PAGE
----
ALUSB MBA student
“The work that I do today and the work that I plan on doing in the future will be expanding more and more across Africa.”
To top it all off, Mulumba is also a member of the Class of 2019 at ALUSB. “My decision to get an MBA was obviously related to the job that I am doing today. I felt like I needed to develop myself further, where business knowledge was concerned. I wanted to make sure that I was exposed to tools that would allow me to perform at my very best.”
Having lived and worked in almost every corner on the continent, Mulumba is a pan-African in the true sense of the word. So when he decided to pursue his MBA, he looked for a business school that shared his African-centred vision.
“My outlook has always been pan-African. The work that I do today and the work that I plan on doing in the future will be expanding more and more across Africa. So ALU School of Business spoke to everything I aspired to be.”
Although this MBA journey at ALUSB has been very gratifying for Mulumba, combining all these responsibilities is not always an easy task. Thankfully, he has the essential tools to maintain his balance: personal drive, support from his ALUSB classmates, and the ultimate motivators; his sons. “My boys are a great source of balance for me. Everything I do, I do to leave a legacy they will be proud of.”
Every year, the ALU School of Business (ALUSB) strives to find ambitious professionals for our MBA programme. And every year we are blown away by the amount of talent on the African continent. With the Chairman’s Scholarship for Excellence in Business, ALUSB seeks to honour this greatness by presenting a full-tuition award to rising business leaders with a track record of leadership at the workplace and in their communities. Our March 2019 cohort recipient has it all: leadership potential, a passion for uplifting her community and an ambitious vision for the future. ALUSB is proud to present our new Chairman’s Scholar: Mahder Zewdie Gebretsadik!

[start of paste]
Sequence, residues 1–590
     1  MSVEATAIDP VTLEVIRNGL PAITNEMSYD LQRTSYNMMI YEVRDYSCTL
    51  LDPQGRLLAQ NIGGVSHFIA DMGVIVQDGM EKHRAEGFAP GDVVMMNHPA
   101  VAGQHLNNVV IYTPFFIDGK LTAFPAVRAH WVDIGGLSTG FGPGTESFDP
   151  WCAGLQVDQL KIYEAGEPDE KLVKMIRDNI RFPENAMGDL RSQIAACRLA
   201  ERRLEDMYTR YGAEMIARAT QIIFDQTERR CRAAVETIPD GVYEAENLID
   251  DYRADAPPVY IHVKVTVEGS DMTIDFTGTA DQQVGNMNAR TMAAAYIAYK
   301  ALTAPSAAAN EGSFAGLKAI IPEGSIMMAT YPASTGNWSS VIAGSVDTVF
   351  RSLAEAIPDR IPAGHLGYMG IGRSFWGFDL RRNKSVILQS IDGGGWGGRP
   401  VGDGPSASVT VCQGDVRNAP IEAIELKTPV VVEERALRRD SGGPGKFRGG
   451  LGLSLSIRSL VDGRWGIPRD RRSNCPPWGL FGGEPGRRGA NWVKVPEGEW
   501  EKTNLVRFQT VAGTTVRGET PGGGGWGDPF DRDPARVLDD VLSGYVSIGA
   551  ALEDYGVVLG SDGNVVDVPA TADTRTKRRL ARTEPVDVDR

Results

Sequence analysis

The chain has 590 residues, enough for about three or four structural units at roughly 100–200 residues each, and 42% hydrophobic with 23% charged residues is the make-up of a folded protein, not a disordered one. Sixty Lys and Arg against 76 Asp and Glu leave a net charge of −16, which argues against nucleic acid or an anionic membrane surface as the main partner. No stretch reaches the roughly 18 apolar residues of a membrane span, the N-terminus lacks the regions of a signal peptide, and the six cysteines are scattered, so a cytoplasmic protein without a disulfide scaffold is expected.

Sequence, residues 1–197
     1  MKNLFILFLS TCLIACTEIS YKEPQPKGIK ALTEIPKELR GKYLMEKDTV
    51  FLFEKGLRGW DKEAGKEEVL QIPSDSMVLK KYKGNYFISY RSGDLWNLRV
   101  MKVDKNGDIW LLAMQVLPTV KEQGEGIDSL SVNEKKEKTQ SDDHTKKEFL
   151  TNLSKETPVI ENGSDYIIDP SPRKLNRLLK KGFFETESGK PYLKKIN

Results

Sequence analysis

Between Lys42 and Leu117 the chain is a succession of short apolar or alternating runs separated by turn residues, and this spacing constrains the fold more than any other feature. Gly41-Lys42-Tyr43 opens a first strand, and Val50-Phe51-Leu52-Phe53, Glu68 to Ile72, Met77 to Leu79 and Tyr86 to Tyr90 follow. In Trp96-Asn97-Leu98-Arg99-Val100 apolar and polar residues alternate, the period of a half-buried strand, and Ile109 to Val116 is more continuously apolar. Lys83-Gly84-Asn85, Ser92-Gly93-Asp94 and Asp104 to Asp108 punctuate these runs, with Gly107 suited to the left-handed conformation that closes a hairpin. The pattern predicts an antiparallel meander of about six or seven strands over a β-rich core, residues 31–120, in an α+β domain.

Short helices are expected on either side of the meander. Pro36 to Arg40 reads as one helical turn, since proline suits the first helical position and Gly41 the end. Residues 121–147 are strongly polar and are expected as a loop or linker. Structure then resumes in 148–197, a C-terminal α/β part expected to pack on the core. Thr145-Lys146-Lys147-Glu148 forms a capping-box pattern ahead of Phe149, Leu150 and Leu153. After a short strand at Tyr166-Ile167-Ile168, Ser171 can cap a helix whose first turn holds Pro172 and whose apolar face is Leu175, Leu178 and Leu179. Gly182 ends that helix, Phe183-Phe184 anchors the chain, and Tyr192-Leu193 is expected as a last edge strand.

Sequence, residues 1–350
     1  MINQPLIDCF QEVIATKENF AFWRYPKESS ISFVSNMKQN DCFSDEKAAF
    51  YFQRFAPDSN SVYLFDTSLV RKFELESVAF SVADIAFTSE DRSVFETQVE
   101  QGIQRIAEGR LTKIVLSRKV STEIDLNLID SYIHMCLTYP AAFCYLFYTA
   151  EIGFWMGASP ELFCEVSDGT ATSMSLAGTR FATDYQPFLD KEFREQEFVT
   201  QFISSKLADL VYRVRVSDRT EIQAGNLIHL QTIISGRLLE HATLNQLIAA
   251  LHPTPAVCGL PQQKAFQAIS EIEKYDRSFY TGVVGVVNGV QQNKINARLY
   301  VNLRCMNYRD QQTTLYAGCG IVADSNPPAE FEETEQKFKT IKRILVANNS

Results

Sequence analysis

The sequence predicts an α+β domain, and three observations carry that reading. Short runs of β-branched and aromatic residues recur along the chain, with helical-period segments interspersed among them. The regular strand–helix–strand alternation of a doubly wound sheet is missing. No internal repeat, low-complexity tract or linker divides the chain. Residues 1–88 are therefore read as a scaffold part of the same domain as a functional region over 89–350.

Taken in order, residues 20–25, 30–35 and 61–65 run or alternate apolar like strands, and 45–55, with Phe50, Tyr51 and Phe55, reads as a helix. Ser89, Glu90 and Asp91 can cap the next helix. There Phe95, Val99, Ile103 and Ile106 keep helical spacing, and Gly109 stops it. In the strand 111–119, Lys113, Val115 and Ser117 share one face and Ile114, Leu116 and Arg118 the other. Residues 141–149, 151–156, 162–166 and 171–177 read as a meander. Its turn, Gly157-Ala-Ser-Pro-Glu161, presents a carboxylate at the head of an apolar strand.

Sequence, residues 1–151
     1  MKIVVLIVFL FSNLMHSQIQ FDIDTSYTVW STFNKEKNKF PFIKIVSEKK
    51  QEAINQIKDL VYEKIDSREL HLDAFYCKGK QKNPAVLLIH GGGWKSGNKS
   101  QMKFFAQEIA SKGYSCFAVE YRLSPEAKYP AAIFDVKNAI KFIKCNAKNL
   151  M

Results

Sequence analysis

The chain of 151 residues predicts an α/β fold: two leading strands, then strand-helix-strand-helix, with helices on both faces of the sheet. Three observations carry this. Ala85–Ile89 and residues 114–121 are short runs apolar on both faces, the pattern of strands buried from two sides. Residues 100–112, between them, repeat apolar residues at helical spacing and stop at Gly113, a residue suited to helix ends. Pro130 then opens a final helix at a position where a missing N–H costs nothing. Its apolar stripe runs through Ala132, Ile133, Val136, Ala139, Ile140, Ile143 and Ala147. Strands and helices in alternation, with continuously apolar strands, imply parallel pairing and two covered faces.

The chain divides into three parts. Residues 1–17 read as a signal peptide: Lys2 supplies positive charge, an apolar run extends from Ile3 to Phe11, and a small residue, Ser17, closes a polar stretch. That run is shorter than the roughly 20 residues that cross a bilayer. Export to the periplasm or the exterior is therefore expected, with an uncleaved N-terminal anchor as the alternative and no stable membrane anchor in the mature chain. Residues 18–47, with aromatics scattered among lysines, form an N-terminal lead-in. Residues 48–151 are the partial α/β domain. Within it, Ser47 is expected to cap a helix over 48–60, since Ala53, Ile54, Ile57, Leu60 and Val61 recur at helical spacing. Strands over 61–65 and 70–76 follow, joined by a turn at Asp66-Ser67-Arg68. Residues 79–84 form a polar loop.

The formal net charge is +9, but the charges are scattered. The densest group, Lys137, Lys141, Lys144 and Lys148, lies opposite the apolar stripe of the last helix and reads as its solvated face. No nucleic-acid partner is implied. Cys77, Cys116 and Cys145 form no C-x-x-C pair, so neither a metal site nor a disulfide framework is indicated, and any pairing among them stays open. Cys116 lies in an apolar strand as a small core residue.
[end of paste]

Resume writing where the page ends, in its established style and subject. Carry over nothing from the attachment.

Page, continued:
Mahder is the current Marketing Manager at EthioChicken, a poultry company that works with rural farmers to reduce malnutrition and poverty in Ethiopia. Leading the Marketing and the Customer Insights team, she works on developing the brand visibility, market activation and measuring satisfaction levels and the impact of the business on the livelihood of Ethiopian rural smallholder farmers. Mahder is now helping to establish similar teams in Rwanda, as EhtioChicken expands into East-Africa.
Although Mahder is very successful at what she does, there was a time where she didn’t even know what marketing was. Like many of us, Mahder was only aware of a limited list of career options growing up: become an engineer or become a doctor. But thanks to her parents, who instilled her with a winning mentality, she realised where her true strengths lay. So after a short stint as an engineering student, Mahder set out to get her bachelor’s degree in Marketing Management.
“My purpose in life is providing enough. When it comes to food, I want people to have enough, especially kids. And in terms of education, I want people to have enough knowledge to contribute to their society.”
A decade into her professional journey, Mahder has used technology and data-centric knowledge to solve business as well as social problems. This passion for social change is part of a bigger sense of purpose: “I grew up in Ethiopia, and I didn’t come from a rich family. We never had enough growing up. So my purpose in life is providing enough. When it comes to food, I want people to have enough, especially kids. And in terms of education, I want people to have enough knowledge to contribute to their society.”